Peter B. Lyons, Commissioner Nuclear Regulatory Commission before the Midyear Meeting of the Health Physics Society, G. William Morgan Lecture, in Scottsdale, Arizona on January 23, 2006. "The traditional focus of the regulation of radioactive sources was the protection of workers and the public from their misuse or from accidents. Security measures were also a concern, but with the principal aim of preventing petty theft or accidental loss. The events of September 11, 2001, however, changed the way in which we must think about sources. Our perspective must now encompass the possible malevolent use of radioactive materials in weapons of terror. As a result, past practices must be modified to reflect the threat environment. One of our concerns, of course, is that a high-risk radioactive source might be combined with conventional explosives and used in a radiological dispersal device (or RDD). Now as far as I know, RDDs are not part of the military arsenal of any country for the simple reason that they are not very good weapons. Our analyses verify that such devices would not cause large numbers of fatalities. However, RDDs might nonetheless meet a terrorists objectives to cause panic and potential environmental contamination that could seriously disrupt normal activities in the affected area or cause significant economic impact. Thus, we must protect the public from malevolent use of high-risk radioactive sources."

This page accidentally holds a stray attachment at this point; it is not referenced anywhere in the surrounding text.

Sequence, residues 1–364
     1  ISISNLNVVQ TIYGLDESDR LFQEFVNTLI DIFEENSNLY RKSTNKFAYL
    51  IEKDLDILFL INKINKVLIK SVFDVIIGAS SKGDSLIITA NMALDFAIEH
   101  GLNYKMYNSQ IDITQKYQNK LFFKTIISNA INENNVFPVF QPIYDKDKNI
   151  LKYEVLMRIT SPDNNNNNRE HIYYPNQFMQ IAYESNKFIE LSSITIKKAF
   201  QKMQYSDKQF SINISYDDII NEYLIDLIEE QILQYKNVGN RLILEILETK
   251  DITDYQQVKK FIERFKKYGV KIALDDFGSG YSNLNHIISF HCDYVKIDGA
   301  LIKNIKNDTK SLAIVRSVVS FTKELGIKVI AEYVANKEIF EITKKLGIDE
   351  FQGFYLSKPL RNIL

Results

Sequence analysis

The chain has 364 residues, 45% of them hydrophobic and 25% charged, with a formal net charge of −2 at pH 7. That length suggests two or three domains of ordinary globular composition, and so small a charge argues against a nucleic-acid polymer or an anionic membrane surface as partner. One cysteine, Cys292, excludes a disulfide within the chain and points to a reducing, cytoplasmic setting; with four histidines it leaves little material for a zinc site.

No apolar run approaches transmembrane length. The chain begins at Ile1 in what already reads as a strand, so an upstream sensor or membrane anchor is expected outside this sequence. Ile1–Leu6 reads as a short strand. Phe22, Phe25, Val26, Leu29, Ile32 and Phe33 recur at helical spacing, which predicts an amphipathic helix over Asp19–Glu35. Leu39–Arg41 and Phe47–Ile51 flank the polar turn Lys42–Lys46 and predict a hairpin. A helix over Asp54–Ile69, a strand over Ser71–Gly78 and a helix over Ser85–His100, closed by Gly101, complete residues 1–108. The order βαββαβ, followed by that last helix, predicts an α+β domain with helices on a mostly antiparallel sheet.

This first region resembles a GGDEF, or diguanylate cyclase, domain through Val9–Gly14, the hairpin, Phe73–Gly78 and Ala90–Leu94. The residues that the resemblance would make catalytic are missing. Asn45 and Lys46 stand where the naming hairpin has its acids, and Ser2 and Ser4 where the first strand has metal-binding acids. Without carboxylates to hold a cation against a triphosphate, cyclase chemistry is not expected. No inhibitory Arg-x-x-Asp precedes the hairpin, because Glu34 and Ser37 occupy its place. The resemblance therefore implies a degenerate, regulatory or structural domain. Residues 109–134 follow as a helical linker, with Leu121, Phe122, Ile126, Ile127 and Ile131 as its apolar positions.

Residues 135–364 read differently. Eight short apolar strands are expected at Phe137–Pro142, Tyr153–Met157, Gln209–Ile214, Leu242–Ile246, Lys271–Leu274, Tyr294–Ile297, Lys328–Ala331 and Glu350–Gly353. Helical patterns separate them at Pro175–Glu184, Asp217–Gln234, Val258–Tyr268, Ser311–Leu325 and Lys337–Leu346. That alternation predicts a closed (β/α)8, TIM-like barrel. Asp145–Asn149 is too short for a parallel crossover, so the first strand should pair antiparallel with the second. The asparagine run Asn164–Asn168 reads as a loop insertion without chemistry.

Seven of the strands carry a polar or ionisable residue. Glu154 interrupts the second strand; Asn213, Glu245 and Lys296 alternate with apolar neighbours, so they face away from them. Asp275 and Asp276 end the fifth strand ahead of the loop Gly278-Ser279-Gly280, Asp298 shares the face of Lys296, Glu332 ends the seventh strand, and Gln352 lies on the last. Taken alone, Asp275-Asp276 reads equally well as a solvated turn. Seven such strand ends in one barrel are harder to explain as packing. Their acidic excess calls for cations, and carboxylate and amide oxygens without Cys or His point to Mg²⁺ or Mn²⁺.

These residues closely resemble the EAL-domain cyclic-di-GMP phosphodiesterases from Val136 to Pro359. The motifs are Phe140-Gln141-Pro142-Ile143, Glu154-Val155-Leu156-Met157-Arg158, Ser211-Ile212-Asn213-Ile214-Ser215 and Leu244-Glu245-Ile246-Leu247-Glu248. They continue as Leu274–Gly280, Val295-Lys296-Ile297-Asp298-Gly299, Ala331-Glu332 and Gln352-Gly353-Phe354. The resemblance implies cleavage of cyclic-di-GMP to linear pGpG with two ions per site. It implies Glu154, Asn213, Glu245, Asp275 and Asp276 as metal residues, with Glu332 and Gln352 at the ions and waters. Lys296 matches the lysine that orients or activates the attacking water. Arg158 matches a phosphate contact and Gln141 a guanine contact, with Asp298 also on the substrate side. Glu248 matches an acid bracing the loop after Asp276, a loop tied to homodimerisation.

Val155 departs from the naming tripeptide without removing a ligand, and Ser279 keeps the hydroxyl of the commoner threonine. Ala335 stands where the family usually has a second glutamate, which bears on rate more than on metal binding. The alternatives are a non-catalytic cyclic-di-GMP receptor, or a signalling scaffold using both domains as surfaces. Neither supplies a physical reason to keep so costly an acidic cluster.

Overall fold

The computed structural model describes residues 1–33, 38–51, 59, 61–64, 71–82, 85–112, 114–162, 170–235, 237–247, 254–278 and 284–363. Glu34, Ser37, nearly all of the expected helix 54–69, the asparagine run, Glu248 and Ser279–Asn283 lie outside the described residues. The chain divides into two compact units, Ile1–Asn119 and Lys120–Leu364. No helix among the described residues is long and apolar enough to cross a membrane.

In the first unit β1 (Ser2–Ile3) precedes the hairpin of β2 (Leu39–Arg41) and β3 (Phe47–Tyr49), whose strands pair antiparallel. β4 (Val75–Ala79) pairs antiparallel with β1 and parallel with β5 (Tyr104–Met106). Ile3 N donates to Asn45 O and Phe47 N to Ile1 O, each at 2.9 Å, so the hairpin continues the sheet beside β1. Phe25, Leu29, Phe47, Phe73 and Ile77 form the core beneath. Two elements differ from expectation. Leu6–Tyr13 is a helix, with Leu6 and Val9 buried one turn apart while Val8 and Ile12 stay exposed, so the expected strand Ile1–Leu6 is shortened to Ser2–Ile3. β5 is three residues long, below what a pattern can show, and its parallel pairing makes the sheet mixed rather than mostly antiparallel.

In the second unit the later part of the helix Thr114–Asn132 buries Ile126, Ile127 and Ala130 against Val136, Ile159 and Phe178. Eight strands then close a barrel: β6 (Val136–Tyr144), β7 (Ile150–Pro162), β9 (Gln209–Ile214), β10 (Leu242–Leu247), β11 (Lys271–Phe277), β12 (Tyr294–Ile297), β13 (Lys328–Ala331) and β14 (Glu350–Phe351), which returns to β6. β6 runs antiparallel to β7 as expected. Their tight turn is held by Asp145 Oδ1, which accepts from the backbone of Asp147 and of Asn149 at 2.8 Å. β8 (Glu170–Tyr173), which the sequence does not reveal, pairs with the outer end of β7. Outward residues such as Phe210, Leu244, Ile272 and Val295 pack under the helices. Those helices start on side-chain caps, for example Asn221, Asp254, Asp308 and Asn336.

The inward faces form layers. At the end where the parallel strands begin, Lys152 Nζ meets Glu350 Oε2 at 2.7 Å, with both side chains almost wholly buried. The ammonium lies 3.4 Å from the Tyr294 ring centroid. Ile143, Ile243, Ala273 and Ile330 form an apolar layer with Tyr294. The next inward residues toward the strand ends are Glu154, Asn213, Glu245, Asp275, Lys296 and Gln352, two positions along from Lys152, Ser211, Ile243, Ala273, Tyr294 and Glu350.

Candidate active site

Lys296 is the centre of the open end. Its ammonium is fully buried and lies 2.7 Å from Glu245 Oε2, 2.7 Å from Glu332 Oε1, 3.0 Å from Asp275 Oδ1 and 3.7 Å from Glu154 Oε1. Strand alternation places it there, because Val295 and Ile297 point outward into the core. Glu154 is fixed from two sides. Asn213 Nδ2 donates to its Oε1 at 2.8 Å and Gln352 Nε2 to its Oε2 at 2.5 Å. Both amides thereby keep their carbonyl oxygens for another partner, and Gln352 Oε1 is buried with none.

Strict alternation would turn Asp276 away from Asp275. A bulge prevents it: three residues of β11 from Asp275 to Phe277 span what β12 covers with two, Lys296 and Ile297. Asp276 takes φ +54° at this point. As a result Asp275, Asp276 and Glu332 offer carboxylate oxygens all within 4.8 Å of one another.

U.S. Nuclear Regulatory Commission: http://www.nrc.gov/